Emwazi was adamant in his refusal, triggering an ominous warning from Nick: “You’re going to have a lot of trouble… You’re going to be known… you’re going to be followed… life will be harder for you.”

The MI5 had apparently attempted to blackmail Emwazi, offering him an escape from its ever-tightening dragnet on the condition that he spy for them. Though the British government never formally charged Emwazi with any offense, the MI5 interrogated his fiancee and her family in Kuwait, and gradually stripped him of his ability to travel or work outside the UK.

When he was denied a visa to return to Kuwait in July 2010, where he had been employed as a salesman for an IT company, Emwazi got back in touch with CAGE. He was despondent, telling Qureshi he felt like “a person imprisoned and controlled by security service men, stopping me from living my new life in my birthplace and country, Kuwait.”

In an email exchange he conducted soon afterward with British journalist Robert Verkaik, whom CAGE urged him to contact, Emwazi expressed suicidal fantasies: “Sometimes I feel like I’m a dead man walking, not fearing they may kill me. Rather, fearing that one day, I’ll take as many pills as I can so I can sleep for ever!! I just want to get away from these people!!!”

According to Qureshi, Emwazi remained determined to find a way out of his predicament despite his increasing bouts of anguish. “What I saw was persistence [from Emwazi] — persistence to keep using the system,” Qureshi told me. “I never saw him losing hope. He was making a constant effort, he was always coming up with new ideas. Can I try this? What about traveling to Kuwait with my mother? Having an old lady there might get the MI5 off my back.”

But nothing Emwazi did could release him from the security services’ grip. In early 2013, he was rejected without explanation from an English instruction program in Saudi Arabia even as several of his friends were accepted. Even when he legally changed his named that year to Mohamed al-Ayan on his father’s advice, he was rejected again for a visa to travel to Kuwait. A virtual prisoner in London, Emwazi disappeared without a trace in August 2013. Qureshi suspects he slipped out with a forged passport, but the British government has not explained how he escaped while under such intensive monitoring.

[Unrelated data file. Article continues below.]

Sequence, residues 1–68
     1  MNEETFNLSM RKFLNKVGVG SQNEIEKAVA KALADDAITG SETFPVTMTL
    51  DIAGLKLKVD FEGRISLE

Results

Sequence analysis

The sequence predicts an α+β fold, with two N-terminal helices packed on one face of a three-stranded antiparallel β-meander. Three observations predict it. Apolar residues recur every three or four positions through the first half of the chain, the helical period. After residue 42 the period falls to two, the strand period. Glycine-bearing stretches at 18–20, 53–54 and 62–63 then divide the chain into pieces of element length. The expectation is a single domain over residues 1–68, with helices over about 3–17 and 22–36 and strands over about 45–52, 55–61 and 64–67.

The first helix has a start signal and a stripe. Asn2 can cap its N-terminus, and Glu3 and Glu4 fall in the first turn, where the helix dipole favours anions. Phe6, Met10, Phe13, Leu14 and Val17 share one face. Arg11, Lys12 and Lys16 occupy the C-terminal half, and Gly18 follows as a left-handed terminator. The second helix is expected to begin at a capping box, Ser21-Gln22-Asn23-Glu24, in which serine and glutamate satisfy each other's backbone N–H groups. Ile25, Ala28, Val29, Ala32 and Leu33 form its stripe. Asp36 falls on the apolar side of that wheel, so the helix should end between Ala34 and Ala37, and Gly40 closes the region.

When Emwazi resurfaced soon after, it was as Jihadi John, the black-masked ISIS executioner wielding a dagger over bound Western hostages clad in orange, Guantanamo-style jumpsuits.

The Conveyor Belt

Hours after Emwazi was unmasked as Jihadi John, CAGE UK released a massive trove of documents relating to his treatment by the MI5. The dossier revealed sustained harassment, constant surveillance and regular interrogations, exposing before an international audience the pernicious role the security services have played within Britain’s Muslim community since the dawn of the “war on terror.”

CAGE’s documents revealed how the MI5 not only groomed extremists as collaborators, but how its methods actually propelled marginalized young men down the path of extremism. (Ironically, just before he condemned CAGE’s criticism of the MI5, Prime Minister Cameron ordered a new inquiry into the security agency’s harassment of investigation Michael Adebowale, the British Muslim who butchered the British soldier Lee Rigby as revenge for the military’s abuses in Iraq and Afghanistan).

Every possible explanation has been offered for Emwazi’s descent into violent jihadism, from a head injury he supposedly suffered in grade school to his enjoyment of the Goosebumps children’s books series to his love for violent computer games. None of these seemingly superficial explanations have been challenged.

The most widely accepted narrative of Emwazi’s radicalization has focused around an academically unproven theory churned out by British government-backed neoconservative think tanks like the Quilliam Foundation called the “conveyor belt.” According to this theory, young Muslims turn to violent Jihad as a result of radical political and religious ideological inculcation, not in reaction to government repression or the West’s involvement in the Middle East. Incorporated by the British government into its Prevent counter-terrorism strategy, the “conveyor belt” theory has been leveraged to campaign for de facto loyalty oaths for new immigrants and intensified surveillance of Muslim political and civic leadership. Those who challenge the theory can expect to be labeled extremists and terror sympathizers by its promoters.